Friday, April 26, 2013

Mercola on Tabata

This piece from Dr. Mercola is long, but there's are many nuggets contained therein.

After monitoring the Japanese speed skating team in the early 90's, Dr. Tabata noticed that extremely hard but intermittent exercise appeared to be at least as effective as standard workouts that require several hours a week. The training protocol he came up with as a result requires a mere four minutes, four times a week. The caveat? Extremei ntensity.
Dr. Tabata's HIIT protocol calls for just 20 seconds of all-out drop-dead effort, followed by a mere 10 seconds of rest. This intense cycle is repeated eight times. According to Dr. Tabata:
"All-out effort at 170 percent of your VO2 max is the criterion of the protocol. If you feel OK afterwards you've not done it properly. The first three repetitions will feel easy but the last two will feel impossibly hard. In the original plan the aim was to get to eight, but some only lasted six or seven."
When performed four times per week for six weeks, participants in one experiment increased their anaerobic capacity by 28 percent, and their VO2 max (an indicator of cardiovascular health) and maximal aerobic power by 15 percent. This is in contrast to the control group, who performed an hour of steady cardiovascular exercise on a stationary bike five times a week. These participants improved their VO2 max by just 10 percent, and their regimen had no effect on their anaerobic capacity.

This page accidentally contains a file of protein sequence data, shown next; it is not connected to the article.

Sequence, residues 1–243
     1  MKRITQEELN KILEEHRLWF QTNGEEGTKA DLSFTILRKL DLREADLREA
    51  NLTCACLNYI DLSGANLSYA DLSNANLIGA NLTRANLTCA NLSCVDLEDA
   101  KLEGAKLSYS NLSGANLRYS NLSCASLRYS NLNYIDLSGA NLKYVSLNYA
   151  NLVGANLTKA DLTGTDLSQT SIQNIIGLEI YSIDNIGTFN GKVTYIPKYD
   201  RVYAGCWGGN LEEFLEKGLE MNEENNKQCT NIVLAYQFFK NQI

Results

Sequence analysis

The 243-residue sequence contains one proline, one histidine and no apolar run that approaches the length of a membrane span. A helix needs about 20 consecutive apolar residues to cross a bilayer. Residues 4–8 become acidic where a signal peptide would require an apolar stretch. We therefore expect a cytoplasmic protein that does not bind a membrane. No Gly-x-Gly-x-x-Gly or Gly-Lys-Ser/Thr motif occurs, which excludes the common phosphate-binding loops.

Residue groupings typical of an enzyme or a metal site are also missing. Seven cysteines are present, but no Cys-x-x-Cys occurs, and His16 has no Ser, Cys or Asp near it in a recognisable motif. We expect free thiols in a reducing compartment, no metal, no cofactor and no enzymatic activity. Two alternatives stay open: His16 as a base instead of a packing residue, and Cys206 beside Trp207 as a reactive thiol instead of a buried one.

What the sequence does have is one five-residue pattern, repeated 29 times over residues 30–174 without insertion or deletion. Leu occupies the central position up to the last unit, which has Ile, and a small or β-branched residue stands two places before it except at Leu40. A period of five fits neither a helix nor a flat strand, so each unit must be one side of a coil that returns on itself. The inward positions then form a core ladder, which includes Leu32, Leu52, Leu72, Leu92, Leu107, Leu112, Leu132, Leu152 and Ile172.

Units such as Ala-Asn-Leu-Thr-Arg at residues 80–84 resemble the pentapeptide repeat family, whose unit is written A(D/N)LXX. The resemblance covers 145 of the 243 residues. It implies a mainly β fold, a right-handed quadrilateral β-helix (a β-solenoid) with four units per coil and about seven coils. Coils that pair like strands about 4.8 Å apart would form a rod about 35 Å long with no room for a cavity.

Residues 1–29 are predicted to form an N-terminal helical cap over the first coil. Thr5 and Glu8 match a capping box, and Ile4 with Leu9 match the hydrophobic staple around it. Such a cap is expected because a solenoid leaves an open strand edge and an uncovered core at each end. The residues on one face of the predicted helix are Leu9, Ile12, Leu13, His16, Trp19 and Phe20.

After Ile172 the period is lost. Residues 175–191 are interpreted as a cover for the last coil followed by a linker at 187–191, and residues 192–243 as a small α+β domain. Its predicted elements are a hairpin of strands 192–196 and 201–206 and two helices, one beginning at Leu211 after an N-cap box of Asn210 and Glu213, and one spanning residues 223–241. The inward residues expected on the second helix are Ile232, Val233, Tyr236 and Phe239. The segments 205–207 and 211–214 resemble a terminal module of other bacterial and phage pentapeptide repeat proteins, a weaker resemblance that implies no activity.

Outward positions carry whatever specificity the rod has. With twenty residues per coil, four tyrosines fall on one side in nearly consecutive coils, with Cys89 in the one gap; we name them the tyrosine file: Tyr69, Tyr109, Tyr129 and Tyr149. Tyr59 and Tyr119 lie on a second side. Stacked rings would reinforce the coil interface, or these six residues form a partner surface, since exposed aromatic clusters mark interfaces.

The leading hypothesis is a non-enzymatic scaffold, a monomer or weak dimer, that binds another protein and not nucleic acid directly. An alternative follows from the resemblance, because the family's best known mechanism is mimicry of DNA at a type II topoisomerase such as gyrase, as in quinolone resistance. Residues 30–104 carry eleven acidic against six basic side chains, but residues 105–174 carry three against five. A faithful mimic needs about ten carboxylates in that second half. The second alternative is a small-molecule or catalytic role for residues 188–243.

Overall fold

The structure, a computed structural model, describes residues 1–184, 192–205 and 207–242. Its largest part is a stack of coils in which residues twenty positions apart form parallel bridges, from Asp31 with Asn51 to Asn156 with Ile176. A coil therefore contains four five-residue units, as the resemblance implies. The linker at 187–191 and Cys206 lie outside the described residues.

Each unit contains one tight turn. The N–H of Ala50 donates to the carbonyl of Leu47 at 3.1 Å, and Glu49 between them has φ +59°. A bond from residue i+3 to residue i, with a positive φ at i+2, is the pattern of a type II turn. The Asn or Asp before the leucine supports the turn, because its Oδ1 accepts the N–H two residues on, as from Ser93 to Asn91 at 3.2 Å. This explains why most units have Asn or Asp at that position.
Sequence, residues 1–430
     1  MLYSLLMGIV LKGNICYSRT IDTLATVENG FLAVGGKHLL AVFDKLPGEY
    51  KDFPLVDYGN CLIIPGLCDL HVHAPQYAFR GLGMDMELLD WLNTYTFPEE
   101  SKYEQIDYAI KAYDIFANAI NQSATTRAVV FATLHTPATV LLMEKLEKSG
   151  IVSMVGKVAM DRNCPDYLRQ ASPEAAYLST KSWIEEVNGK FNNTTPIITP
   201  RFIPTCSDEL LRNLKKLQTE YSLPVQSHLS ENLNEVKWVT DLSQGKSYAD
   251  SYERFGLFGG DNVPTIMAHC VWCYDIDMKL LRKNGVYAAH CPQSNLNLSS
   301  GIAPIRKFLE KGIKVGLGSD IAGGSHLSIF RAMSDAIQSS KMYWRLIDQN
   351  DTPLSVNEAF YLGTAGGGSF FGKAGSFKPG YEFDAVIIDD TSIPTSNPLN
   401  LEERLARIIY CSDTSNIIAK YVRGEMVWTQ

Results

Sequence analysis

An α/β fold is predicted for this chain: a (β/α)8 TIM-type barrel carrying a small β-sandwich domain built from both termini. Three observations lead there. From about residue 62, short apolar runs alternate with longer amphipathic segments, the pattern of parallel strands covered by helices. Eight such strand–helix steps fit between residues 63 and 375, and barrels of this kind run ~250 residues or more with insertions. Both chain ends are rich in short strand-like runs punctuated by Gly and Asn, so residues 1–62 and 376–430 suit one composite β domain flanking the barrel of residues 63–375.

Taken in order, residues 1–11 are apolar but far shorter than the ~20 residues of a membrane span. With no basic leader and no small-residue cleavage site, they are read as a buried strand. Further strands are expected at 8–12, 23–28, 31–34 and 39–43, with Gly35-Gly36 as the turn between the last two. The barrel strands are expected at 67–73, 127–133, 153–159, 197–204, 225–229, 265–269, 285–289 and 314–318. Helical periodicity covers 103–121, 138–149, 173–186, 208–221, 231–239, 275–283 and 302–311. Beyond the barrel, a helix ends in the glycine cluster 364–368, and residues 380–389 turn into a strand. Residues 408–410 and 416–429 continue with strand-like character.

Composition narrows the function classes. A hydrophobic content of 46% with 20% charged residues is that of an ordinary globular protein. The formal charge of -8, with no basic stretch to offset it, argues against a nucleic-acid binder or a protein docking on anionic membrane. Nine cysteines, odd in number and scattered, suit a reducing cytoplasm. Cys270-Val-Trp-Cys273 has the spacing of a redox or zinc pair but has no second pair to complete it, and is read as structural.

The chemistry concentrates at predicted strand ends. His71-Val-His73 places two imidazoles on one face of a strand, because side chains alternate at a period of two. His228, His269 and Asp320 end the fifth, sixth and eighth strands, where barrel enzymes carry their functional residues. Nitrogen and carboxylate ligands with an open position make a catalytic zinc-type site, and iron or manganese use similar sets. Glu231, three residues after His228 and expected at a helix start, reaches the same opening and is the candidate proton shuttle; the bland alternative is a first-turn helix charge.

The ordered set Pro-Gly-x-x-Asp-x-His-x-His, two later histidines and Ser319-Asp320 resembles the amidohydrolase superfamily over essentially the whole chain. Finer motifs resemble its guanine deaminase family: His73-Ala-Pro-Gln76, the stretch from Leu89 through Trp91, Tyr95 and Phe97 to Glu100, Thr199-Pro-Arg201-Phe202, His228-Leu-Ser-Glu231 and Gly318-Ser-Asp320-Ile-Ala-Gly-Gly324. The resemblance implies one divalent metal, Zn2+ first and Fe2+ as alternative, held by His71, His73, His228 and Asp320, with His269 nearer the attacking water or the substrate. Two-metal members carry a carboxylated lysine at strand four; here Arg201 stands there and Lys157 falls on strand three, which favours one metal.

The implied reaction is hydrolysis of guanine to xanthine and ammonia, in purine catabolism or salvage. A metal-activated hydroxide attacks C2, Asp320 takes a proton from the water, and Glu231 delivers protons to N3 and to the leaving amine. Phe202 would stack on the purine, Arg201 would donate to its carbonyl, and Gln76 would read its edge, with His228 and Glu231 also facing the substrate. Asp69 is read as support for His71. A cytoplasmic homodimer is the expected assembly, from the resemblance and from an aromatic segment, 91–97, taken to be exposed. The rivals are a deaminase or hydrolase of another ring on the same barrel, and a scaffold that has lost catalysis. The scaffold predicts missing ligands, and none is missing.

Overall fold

Dr. Tabata also has forthcoming research findings showing that his protocol reduces your risk of diabetes, which other HIIT studies have already suggested. And, according to the featured article:
"Another soon-to-be-published finding, which Tabata describes as 'rather significant,' shows that the Tabata protocol burns an extra 150 calories in the 12 hours after exercise, even at rest, due to the effect of excess post-exercise oxygen consumption. So while it is used by most people to get fit – or by fit people to get even fitter – it also burns fat."

Dr. Mercola offers a very thorough review of the benefits of hard, short workouts.  But the best advice is - just do it.  Short and intense builds muscle, rewards correct body position and mechanics and helps one to feel those things as applied to generating force.  Forget the 30 minutes on a treadmill five days a week - try 10 minutes of warm up workout and cool down instead.

If you like long slow distance, have at it, but please don't labor under the mis-understanding that short, hard exercise is bad for you; it's anything but.

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